Union Soldiers In Missouri
In April of 1861 Missouri received word that it would be expected to fill four regiments of infantry as part of President Abrham Lincoln's call for 75,000 troops to suppress the rebellion that started at Fort Sumter. Then governor, Claiborne Fox Jackson, refused to fill the order. Missouri politician, Frank Blair, Jr. telegraphed the war department that if they would accept independent companies for service, General Nathaniel Lyon in St. Louis should proceed with enlistment. On April 21, 1861, the War Department authorized Lyon to begin raising the four regiments for defense of St. Louis and the arsenal there. Lyon raised more than the required number for service by Lincoln's April 15 proclamation. These men were considered obligated for three months service.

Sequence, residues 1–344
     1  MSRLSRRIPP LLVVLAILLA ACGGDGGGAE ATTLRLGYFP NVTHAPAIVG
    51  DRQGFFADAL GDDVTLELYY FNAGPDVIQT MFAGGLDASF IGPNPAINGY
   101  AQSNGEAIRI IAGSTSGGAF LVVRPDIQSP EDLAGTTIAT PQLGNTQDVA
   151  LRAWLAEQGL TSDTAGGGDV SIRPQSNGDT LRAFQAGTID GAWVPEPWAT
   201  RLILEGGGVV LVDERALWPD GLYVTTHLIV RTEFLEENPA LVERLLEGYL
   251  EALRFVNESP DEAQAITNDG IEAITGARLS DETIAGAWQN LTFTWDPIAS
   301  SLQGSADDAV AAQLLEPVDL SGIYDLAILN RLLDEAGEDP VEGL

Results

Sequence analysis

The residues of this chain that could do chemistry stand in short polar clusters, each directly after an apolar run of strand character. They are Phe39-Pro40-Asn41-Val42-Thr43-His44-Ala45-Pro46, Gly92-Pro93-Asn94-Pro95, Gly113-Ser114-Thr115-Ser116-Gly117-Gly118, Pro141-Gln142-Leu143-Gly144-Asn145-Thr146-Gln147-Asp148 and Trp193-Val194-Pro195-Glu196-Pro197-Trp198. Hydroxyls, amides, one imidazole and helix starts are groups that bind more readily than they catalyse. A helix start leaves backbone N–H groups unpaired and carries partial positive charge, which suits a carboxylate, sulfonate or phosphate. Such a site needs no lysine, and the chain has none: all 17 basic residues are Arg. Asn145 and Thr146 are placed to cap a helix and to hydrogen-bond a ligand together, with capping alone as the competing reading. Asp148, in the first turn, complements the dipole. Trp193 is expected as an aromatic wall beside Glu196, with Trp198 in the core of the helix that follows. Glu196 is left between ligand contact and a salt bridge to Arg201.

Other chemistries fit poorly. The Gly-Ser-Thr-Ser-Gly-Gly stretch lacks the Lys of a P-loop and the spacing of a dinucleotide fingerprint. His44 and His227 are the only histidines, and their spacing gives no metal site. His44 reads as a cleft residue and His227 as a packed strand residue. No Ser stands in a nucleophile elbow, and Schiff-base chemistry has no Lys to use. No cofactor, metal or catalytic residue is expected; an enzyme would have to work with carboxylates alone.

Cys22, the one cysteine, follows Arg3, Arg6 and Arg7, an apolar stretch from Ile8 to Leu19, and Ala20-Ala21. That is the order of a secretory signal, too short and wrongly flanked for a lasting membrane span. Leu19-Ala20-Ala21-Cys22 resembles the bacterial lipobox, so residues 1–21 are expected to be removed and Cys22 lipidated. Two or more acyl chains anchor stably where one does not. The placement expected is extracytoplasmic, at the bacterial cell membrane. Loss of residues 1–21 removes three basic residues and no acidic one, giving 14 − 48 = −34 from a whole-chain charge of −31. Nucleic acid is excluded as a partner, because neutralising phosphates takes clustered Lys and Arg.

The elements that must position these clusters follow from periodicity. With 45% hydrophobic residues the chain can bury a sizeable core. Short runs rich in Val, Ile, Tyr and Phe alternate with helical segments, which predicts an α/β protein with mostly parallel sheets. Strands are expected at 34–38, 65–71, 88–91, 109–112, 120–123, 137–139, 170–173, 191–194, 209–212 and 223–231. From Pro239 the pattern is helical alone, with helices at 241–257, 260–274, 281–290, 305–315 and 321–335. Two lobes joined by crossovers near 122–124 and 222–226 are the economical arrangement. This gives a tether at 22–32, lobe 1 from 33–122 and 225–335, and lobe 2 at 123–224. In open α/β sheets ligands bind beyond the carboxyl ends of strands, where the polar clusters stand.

The Missouri State Militia
On August 24, 1861, under newly appointed Governor Gamble (the elected government was run out of Jefferson City), called for 42,000 militia men to serve six months. Militia units were then given the option of enlisting for three years service. Most chose not to enter three year service with the U.S. government. In late 1861 and early 1862 a new organization, the Missouri State Militia, was formed. Realizing that the cost and time was not worth the effort, the six months militia was disbanded on January 25, 1862. On November 25, 1861, General Orders No. 96 was issued that authorized the official organization of the Missouri State Militia, which would fall under the command of Major-General Henry Halleck, then commander of the Department of Missouri. Brig. Gen. John M. Schofield was appointed a brigadier-general of the Missouri State Militia, which placed him in direct command of the organization.